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Formatting User-Facing Text

FText is used to create user-facing text, which is often localized. This means that user interface text that changes dynamically over the course of gameplay can also be subject to grammar rules from a number of different languages. Using FText::Format and the corresponding Format Text Blueprint node enables you to construct reusable format patterns to make the localization process easier and less prone to edge-case errors. Both functions support ordered arguments, named arguments, and specialized arguments based on plural forms, gender forms, and Hangul post-positions.

In C++, you can pre-compile your FText format pattern into an FTextFormat to reuse the compiled format pattern. This is useful if you're reusing a format pattern frequently, and it also automatically recompiles if the source format pattern changes due to a culture change.

You can also format FText in Blueprints using the Format Text node. The Format text can be a literal or connected to a pin. When used as a literal, it will auto-generate arguments for formatting. So by entering the literal "There are {number} days until {day}.", a Number pin and a Day pin will be automatically added to the node. These pins can be filled in as a literal or from a variable and the output Text will replace the arguments with whatever values are hooked to the pins.

When the Format pin is connected to a variable, the Format can not be deciphered because it can possibly change over the course of gameplay. In this case, you can add pins yourself and name them after the possible arguments. In this way, you can set up the Format Text node to be ready for multiple possibilities. Whenever an argument matches an argument in the Format variable, it will utilize the provided information.

Pin names can be changed, added, and removed from the Details panel.

FormatNode.png FormatNodeDetails.png
Format Text node Details panel

For those using a source build of Unreal Engine, TextTest.cpp can show you examples of how to perform valid culture aware formatting, comparison, and sorting.

Ordered Arguments

When building a format argument with ordered arguments, curly braces denote the beginning and end of the format argument and the number indicates the parameter passed. Arguments start at {0} and proceed sequentially ( {0}, {1}, {2}, etc.). The Format function and Format Text node slot variables into the format argument in the order they are provided.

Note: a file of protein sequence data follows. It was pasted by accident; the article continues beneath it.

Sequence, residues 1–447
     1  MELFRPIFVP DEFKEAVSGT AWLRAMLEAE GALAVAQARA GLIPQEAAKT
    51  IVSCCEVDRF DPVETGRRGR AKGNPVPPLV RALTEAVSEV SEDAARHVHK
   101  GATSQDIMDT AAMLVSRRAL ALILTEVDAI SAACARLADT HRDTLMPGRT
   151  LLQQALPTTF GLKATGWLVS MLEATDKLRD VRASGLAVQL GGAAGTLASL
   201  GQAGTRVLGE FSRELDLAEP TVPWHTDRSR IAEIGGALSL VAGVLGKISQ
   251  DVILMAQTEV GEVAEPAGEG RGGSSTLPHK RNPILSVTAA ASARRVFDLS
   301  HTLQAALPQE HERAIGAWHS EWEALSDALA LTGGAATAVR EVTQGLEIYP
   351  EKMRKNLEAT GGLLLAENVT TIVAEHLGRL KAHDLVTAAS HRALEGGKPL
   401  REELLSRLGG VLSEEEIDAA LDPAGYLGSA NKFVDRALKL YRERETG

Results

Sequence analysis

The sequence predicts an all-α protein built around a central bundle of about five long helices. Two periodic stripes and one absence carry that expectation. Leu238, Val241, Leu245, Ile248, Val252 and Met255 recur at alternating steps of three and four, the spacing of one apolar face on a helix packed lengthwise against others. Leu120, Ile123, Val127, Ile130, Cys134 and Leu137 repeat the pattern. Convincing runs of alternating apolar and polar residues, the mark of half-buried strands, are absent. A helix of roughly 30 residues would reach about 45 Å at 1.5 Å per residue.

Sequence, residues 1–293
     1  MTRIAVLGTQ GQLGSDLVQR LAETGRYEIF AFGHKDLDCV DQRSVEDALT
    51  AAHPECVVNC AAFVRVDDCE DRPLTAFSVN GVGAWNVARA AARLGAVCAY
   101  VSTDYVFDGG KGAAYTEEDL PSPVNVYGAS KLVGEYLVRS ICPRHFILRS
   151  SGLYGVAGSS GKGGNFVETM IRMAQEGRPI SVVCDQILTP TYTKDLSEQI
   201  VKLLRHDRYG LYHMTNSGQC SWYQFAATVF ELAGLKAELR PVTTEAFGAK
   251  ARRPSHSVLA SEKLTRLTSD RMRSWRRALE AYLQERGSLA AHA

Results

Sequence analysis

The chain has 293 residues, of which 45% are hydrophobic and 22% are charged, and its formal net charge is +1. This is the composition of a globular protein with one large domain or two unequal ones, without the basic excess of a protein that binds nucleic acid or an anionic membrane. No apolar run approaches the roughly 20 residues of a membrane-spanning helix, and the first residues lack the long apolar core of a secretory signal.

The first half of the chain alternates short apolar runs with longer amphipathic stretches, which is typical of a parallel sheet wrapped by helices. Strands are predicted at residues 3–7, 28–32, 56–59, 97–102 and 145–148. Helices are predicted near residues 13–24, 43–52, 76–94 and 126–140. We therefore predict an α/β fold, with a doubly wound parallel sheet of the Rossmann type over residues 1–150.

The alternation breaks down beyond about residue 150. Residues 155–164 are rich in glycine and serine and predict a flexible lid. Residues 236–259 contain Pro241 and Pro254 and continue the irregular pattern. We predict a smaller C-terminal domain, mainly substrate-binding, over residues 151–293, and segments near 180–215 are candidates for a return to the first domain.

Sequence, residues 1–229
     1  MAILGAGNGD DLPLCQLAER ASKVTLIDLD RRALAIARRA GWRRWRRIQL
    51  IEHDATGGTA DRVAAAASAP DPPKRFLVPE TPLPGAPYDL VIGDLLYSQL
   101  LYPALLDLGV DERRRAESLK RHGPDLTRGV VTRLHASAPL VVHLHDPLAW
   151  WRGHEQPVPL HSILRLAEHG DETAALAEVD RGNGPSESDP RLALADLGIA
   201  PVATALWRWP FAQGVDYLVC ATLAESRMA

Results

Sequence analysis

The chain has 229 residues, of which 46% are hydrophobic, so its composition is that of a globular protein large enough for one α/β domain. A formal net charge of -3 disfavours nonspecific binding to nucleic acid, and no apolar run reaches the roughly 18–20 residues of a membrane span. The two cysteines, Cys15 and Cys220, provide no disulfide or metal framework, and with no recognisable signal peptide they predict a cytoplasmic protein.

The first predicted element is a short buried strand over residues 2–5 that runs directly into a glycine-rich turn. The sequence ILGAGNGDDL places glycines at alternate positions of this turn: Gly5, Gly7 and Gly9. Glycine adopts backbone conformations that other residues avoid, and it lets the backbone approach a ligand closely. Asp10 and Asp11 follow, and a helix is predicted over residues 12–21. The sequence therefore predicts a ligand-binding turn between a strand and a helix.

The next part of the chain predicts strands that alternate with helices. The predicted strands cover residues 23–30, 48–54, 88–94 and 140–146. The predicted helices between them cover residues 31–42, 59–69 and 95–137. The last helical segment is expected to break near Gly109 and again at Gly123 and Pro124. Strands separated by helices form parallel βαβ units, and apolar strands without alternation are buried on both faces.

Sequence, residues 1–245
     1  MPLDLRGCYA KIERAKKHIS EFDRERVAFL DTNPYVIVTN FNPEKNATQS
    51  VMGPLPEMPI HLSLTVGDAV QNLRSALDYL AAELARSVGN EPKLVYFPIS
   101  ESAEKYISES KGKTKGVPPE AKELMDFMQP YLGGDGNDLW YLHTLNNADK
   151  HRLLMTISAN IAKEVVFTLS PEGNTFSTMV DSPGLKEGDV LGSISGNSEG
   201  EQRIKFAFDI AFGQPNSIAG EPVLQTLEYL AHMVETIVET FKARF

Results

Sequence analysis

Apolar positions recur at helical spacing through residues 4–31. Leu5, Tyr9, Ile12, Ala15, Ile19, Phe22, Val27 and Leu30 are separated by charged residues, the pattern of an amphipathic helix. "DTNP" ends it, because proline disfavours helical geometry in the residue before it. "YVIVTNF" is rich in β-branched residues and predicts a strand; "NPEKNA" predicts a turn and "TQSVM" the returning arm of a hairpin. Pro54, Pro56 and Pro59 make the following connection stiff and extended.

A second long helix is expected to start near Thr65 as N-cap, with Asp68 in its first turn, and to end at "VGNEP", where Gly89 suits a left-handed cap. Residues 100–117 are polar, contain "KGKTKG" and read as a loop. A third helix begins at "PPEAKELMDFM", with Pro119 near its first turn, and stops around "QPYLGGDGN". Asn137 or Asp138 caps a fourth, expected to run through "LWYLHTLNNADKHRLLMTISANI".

The following C++ and Blueprint snippets show an ordered format argument to display the player's current health and maximum health.

C++ Example

FText::Format( LOCTEXT( "HealthFormatStr",  "{0} / {1}" ), FText::AsNumber( CurrentHealth ), FText::AsNumber( MaxHealth )  ) 

Blueprint Example

OrderedArgs.png

Named Arguments

When building a format argument with named arguments, curly braces denote the beginning and end of the format argument and the text in the braces is the name of the argument to be found in the arguments passed in. Common argument examples are {Name}, {ID}, {Health}, etc.

The following C++ and Blueprint snippets show a named format argument to display the player's current health.

C++ Example

FFormatNamedArguments Arguments;
Arguments.Add(TEXT("CurrentHealth"), FText::AsNumber( CurrentHealth ));
EditorErrors.Error(FText::Format(LOCTEXT("ExampleFText", "You currently have {CurrentHealth} health left."), Arguments ) );

Blueprint Example

CurrentHealth.png

Specialized Arguments

To allow you to pass in the numeric/gender values needed for plural/gender form support, all of the FText::Format(...) family of functions now take their values as FFormatArgumentValue rather than FText. This can be implicitly constructed from any numeric type, ETextGender, or FText.

The ability to set these value types in Blueprints has been exposed using wildcard pins on the Format Text node.

Following from the examples above, these format patterns can be supplied as arguments to FText::Format or to Format Text.

Plural Forms

Plural forms allow you to use different text based upon a numeric variable given to your text format. Plural forms may be cardinal, such as "There is 1 cat" or "There are 4 cats", or ordinal, such as "You came 1st!" or "You came 2nd!".

Plural forms are specified as key->value pairs, and support any of the following keywords (as defined for your culture by the CLDR data ): zero, one, two, few, many, other. Values are an optionally quoted string that may also contain format markers.

Cardinal Format Example: "There {NumCats}|plural(one=is,other=are) {NumCats} {NumCats}|plural(one=cat,other=cats)"

Ordinal Format Example: "You came {Place}{Place}|ordinal(one=st,two=nd,few=rd,other=th)!"

Gender Forms

Gender forms allow you to use different text based upon an ETextGender value given to your text format, such as "Le guerrier est fort" or "La guerrière est forte". Gender forms are specified as a list of values in the order of [masculine, feminine, neuter], where neuter is optional. Values are an optionally quoted string that may also contain format markers.

Format Example: "{Gender}|gender(Le,La) {Gender}|gender(guerrier,guerrière) est {Gender}|gender(fort,forte)"

Hangul Post-Positions

Hangul post-positions help you deal with the grammar rules present in Korean, and will insert the correct glyph(s) based upon whether the value being inserted ends in a consonant or a verb, such as "사람은" or "사자는". Hangul post-positions are specified as a list of values in the order of [consonant, verb]. Values are an optionally quoted string.

Format Example: "{Arg}|hpp(은,는)"